Landmark murder case subject of U of T prof lecture

One of Canada’s most prominent law professors was at the U of M Thursday to discuss one of Canada’s most prominent legal cases.

The U of M faculty of law’s Robson Hall Distinguished Visitors Lecture Series welcomed University of Toronto professor of law Kent Roach to deliver a lecture based on his latest book, Canadian Justice, Indigenous Injustice: The Gerald Stanley/Colten Boushie Case, Thursday.

On Aug. 9, 2016, 22-year-old Colten Boushie of the Cree Red Pheasant First Nation was killed by 56-year-old Gerald Stanley in the rural municipality of Glenside, Sask. Stanley was charged with second-degree murder.

Upon the conclusion of the trial in January 2018, the jury found Stanley not guilty after 13 hours of deliberation. What followed was a nation polarized by the decision, and a public outcry of injustice from the Indigenous community and its supporters.

Roach said exploring the history between the Canadian government and Indigenous communities reveals a significant catalog of what he called “Indigenous injustice,” which in turn presented itself through the jury selected to decide the Stanley murder case — none of whom were Indigenous.

Roach said with nearly 17 per cent of Saskatchewan being Indigenous, the absence of any Indigenous representation on the jury “triggered” his initial concern with the case.

It was later reported that a pool of 750 potential jurors had been summoned to the town of Battleford, Sask. According to Roach, when the trial was announced, only 178 of 750 potential jurors attended at the Battleford Community Centre.

“My own reconstruction, based on the transcript and media accounts, suggests that there were at least 20 Indigenous people out of that 178, so it was underrepresentation but still a significant amount,” he said.

Eventually, potential Indigenous jurors were excused.

“About a dozen were excused for hardship reasons and these often reflect socioeconomic factors,” Roach said.

“Three were excused because they were related to the Boushie/Baptiste family and then five visibly Indigenous people were subject to peremptory challenge by Stanley’s lawyers.”

Peremptory challenges allow defence counsel to excuse a juror from the selection process without reason, a practice that has been historically used in a discriminatory manner.

Roach said the final 12 jurors were selected following over a year of public unrest motivated largely by undertones of racial division. This came to a head in August 2016, when then-premier Brad Wall made a plea on Facebook urging citizens to stop exchanging racist comments across different social media platforms.

Roach said he believes the jurors were not properly analyzed for possible racial discrimination, and said he does not know “why no attempt was made on the public record to ask that question.”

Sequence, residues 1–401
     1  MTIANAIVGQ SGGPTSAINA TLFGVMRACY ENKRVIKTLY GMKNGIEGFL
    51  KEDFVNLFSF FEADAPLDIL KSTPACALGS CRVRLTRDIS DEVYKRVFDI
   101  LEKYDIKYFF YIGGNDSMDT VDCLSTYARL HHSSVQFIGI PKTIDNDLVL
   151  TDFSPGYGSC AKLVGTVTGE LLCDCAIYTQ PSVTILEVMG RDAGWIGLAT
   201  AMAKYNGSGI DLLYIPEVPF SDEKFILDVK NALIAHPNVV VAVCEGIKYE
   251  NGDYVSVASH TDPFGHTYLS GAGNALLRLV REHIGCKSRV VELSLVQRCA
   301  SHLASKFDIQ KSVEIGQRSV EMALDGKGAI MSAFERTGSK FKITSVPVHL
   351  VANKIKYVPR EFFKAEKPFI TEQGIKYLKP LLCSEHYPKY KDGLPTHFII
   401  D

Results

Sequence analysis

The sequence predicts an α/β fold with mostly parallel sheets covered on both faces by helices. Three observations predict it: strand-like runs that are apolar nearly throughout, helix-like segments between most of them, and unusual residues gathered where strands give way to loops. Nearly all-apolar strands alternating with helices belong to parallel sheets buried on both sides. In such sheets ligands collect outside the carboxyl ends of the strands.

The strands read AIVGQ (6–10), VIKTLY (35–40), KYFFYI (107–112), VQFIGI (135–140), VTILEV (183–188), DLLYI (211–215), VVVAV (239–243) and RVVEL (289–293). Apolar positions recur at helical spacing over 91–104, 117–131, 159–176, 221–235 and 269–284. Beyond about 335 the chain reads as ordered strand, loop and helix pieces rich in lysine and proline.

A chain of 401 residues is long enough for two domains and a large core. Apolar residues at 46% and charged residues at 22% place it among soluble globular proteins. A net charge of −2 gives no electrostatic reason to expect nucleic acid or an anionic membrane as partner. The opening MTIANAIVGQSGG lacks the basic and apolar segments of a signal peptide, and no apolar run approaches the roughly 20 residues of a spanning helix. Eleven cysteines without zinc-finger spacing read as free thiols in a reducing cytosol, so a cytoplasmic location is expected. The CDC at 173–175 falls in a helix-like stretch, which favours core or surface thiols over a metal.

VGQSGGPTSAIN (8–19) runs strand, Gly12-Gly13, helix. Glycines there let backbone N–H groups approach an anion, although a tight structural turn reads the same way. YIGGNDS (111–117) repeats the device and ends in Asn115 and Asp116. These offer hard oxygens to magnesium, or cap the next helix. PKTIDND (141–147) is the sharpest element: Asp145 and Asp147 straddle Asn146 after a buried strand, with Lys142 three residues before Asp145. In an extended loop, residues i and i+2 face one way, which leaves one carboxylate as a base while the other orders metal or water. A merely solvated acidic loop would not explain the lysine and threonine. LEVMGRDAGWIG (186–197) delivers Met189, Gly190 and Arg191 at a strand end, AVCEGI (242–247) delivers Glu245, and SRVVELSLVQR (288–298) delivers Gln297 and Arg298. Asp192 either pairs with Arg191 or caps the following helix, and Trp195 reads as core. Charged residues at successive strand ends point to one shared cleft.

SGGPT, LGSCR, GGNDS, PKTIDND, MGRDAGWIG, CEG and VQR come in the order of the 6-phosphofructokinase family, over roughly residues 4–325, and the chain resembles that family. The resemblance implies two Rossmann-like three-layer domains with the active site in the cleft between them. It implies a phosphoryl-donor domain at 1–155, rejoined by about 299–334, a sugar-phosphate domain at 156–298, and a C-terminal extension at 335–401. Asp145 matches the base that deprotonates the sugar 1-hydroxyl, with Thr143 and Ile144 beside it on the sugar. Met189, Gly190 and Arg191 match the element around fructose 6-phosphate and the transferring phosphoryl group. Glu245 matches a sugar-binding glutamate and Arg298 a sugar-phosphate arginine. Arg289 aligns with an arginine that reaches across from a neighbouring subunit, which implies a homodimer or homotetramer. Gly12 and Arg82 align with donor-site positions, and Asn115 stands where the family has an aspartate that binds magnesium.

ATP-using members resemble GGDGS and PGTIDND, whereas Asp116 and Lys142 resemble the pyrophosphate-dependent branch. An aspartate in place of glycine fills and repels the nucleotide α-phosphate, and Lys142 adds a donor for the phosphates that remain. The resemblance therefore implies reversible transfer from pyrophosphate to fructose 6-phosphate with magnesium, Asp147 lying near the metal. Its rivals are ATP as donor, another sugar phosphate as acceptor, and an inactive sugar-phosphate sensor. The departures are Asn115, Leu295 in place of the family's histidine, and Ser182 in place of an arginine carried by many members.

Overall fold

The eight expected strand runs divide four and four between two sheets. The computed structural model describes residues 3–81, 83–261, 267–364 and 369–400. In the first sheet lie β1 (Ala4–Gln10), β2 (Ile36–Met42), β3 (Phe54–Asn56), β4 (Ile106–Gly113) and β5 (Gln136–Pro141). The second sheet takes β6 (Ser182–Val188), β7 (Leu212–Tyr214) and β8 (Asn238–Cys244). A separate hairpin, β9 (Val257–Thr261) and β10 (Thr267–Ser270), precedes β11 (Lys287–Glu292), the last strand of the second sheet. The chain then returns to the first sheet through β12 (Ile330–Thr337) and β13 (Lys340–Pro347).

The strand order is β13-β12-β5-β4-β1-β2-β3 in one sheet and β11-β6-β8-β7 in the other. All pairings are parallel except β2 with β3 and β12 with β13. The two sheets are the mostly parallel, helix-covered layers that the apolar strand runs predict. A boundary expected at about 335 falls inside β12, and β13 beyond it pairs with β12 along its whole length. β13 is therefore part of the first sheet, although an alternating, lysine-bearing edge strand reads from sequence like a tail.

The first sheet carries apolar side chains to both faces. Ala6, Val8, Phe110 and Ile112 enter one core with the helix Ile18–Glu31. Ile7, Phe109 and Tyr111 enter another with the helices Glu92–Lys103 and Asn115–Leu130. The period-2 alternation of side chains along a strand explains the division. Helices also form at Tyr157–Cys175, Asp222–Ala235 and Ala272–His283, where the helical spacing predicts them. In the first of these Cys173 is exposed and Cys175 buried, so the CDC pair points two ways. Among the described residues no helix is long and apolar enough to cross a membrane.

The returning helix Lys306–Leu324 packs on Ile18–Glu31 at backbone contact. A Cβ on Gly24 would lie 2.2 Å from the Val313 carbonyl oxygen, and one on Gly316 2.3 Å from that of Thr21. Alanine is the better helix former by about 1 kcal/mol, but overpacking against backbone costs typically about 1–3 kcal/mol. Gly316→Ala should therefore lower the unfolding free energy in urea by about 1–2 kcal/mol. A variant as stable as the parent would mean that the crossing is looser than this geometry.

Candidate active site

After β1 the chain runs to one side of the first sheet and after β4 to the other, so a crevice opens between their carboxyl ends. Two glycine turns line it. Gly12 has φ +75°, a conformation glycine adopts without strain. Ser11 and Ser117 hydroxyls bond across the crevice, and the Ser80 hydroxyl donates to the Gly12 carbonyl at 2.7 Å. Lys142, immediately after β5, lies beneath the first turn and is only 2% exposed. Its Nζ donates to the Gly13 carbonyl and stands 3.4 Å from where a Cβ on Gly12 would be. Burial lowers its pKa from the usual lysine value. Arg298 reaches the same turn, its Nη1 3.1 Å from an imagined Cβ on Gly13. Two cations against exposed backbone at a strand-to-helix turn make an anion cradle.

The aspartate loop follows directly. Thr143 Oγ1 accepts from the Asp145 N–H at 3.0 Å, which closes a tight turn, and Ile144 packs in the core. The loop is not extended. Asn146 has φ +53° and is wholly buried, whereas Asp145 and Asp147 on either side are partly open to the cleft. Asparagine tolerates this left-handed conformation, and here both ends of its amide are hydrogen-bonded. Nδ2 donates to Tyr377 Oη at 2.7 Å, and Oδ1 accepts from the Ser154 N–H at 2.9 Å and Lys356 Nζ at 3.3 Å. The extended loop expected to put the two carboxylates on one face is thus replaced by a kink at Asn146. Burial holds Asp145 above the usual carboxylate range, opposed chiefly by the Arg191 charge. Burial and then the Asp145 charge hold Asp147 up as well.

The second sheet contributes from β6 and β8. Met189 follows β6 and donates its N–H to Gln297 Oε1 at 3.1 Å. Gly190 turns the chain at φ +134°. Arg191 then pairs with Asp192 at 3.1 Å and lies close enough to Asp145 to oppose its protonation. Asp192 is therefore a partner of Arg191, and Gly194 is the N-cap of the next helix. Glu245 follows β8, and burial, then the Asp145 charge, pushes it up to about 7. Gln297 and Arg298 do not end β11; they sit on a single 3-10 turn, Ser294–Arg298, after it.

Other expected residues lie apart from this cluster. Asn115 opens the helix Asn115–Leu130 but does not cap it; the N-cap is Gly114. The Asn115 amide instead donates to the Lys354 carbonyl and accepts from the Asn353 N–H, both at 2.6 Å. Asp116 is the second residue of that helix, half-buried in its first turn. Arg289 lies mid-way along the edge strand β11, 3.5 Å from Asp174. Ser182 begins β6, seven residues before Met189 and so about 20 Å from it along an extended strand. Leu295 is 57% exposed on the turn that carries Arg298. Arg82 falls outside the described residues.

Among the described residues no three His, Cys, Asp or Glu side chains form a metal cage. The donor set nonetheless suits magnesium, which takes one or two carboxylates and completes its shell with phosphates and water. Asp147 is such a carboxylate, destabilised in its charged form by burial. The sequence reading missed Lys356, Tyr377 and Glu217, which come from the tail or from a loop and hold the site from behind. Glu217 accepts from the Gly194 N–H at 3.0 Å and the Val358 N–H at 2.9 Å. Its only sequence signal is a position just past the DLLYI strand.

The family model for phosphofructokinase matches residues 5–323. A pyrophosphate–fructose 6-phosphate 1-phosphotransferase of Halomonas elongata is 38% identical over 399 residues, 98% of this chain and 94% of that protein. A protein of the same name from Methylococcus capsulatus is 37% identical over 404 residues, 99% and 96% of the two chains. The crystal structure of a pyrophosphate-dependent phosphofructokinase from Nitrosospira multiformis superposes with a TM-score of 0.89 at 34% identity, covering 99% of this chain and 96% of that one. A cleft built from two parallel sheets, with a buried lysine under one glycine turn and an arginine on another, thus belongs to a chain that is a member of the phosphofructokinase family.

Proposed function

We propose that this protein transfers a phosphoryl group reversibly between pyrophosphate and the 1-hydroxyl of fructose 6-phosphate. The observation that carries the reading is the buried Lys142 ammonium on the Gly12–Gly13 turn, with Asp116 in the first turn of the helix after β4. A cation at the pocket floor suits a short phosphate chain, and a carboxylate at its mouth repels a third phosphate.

“I’m also not saying if that question was asked it would necessarily have cleansed racism from any of the jury’s deliberation, but at least it would have tried.”

Indigenous witnesses

Roach noted that while there were a couple of Indigenous witnesses brought before the jury, including Eric Meechance, the trial transcript reveals some worrying details.

“All of a sudden, during this testimony, there is something wrong with Eric Meechance.”

He said Meechance was approached by Stanley’s lawyer with a picture in hand of the loaded gun found in Boushie’s vehicle.

“He wanted him to identify the gun, but the picture that was chosen also showed Colten Boushie dead on the ground.”

Roach said that in Cree customs, “showing someone dead interferes with their journey, their after-death journey.” He added that the situation was indicative of a wider misunderstanding of Indigenous cultural practices in Canada’s justice system.

“Again, I mention this because too often there has been misunderstanding and too often Canadian justice has been Indigenous injustice,” he said.

Bill C-75

Two months following the acquittal of Stanley on second-degree murder charges, Bill C-75, which proposes to institute several changes to the criminal code, was introduced before the House of Commons.

Roach said the most important proposal is to remove peremptory challenges, which follows recommendations made by Chief Justice Alvin Hamilton and Justice Murray Sinclair more than 25 years ago in the 1991 report of the Aboriginal Justice Inquiry.

Although Roach said he supports the bill, which is currently under final review in the Senate, he emphasized his belief that the goal of more representation on the jury is a “starting point.”

“We need to think about guns, self-defence and violence,” he said.

“And we need to go to back the treaties, self-government, Indigenous law systems […] We cannot allow this to continue.”